“In dermatology, the waits are created both by patient demand and, some believe, by dermatologists’ shifting their time to new, more lucrative or complex procedures. Public service campaigns have heightened fear of skin cancer, and melanoma cases are rising, meaning more people are seeking appointments.

At the same time, some dermatologists are devoting time to cosmetic procedures, or to skin cancer surgery that used to be done by general surgeons. Meanwhile, the federal government limits the number of residents hospitals can train, and hospitals would have to create more dermatology slots at the expense of other specialties. This means the number of dermatologists entering practice each year has remained flat, at about 300 nationally, making it difficult for practices to hire new doctors. Just as many have been retiring in the past five years.”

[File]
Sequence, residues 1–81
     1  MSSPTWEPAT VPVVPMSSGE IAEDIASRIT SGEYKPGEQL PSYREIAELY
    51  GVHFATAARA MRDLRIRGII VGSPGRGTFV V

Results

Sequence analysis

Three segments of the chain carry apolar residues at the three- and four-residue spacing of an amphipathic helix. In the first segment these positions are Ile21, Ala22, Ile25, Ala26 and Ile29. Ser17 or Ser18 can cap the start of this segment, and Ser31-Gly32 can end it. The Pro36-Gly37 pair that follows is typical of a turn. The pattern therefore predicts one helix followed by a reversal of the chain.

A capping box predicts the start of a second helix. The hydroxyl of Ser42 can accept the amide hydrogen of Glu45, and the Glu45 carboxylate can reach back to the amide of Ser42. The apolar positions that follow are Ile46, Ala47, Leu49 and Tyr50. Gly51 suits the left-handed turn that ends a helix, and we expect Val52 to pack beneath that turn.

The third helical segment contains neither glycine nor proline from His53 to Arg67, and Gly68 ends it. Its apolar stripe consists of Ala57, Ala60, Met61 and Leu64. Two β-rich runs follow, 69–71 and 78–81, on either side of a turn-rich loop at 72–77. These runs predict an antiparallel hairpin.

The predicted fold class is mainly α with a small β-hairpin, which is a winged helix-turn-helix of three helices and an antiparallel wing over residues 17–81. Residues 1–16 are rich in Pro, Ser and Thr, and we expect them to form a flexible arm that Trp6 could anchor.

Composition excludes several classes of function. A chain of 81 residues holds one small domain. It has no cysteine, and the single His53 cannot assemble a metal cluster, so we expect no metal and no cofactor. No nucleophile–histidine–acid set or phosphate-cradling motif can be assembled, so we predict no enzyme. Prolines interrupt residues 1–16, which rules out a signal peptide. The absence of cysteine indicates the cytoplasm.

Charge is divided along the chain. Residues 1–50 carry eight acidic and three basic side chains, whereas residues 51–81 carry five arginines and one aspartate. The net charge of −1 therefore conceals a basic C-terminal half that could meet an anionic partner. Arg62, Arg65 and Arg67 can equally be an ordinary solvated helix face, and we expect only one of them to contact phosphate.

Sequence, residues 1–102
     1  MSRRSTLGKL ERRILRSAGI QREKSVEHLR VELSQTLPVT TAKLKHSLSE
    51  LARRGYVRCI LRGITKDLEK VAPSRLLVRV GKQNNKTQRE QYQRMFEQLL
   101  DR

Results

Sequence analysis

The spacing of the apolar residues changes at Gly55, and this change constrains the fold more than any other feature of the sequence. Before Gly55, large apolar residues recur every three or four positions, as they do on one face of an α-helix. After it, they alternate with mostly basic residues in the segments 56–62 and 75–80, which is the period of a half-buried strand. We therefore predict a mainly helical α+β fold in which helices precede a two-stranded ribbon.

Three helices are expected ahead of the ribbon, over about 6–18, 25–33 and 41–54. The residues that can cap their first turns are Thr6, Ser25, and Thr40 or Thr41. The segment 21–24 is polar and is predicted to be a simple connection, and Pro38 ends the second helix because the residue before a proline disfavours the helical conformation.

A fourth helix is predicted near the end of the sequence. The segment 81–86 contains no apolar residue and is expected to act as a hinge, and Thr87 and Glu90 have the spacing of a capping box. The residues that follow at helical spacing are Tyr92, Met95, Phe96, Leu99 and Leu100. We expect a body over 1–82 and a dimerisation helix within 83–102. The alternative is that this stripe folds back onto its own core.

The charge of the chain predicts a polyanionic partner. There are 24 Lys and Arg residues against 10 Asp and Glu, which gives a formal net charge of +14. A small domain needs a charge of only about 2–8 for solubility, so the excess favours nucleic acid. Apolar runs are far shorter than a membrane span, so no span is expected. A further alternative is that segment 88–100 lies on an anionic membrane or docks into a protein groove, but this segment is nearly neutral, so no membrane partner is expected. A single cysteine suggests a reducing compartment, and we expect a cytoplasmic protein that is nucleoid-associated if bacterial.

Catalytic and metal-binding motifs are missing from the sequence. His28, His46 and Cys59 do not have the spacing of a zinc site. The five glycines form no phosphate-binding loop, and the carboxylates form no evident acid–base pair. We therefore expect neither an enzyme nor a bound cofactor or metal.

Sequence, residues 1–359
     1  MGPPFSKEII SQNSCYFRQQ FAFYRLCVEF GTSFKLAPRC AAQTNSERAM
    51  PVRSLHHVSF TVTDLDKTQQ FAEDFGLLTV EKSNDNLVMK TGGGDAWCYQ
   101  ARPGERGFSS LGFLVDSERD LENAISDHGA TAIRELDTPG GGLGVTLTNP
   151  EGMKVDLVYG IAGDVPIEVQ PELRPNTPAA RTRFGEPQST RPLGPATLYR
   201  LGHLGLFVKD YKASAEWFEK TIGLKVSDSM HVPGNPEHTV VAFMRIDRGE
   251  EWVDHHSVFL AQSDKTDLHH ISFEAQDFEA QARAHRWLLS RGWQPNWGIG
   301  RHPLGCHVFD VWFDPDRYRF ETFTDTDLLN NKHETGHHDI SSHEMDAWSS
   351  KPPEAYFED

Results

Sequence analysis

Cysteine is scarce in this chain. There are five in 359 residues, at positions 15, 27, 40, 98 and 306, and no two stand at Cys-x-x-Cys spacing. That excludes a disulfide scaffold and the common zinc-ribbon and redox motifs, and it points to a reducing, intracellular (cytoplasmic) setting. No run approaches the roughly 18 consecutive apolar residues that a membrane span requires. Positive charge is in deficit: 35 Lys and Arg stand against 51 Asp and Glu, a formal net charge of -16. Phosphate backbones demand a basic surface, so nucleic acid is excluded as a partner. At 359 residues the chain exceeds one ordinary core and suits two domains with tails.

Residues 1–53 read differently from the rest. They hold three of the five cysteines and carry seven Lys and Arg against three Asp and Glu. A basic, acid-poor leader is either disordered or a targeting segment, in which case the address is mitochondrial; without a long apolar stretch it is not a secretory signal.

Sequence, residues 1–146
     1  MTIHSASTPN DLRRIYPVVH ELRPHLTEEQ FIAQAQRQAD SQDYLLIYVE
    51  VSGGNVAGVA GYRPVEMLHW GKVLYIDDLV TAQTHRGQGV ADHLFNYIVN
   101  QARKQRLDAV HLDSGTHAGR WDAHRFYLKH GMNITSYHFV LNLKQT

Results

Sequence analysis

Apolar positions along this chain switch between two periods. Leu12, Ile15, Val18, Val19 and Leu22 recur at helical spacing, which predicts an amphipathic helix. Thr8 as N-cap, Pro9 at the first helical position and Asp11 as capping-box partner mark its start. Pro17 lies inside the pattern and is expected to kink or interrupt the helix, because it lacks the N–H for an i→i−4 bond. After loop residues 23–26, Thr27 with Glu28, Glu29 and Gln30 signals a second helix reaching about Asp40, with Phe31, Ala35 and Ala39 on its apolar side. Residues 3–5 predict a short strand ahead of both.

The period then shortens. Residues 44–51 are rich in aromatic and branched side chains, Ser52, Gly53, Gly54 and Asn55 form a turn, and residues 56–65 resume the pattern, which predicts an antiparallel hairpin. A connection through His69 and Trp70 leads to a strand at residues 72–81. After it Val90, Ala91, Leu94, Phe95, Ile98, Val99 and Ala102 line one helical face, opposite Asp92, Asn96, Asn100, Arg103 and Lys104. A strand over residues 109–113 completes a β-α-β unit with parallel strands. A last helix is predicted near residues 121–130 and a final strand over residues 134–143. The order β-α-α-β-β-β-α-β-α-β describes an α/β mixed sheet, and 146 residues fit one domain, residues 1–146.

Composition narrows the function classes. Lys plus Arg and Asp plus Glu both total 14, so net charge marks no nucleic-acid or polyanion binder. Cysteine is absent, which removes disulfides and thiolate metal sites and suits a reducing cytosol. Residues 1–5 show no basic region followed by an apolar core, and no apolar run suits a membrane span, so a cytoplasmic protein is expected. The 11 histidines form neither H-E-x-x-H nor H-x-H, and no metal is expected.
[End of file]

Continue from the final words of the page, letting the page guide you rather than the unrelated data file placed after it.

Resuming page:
Have you had a hard time finding a dermatologist?


This post originally appeared on Dr. Val’s blog at RevolutionHealth.com.

Sea algae: new weapon against HIV?

Interesting research ongoing in Brazil: Dr. Luiz Castello-Branco has spent the last 3 years studying the HIV-killing effects of a compound derived from algae. Apparently, in a Petrie dish of human cells, the algae reduces viral replication by 95%. Dr. Castello-Branco suggests that this algae could be added to a gel that women could use to protect themselves from HIV transmission during sexual contact. The algae will be tested in mice next month, and then human studies may begin as early as next year. Let’s all hope that the algae is as effective in humans as it seems to be in the lab! This could become a really great advance in HIV prevention.

This post originally appeared on Dr. Val’s blog at RevolutionHealth.com.

Chewing gum drug could help curb obesity?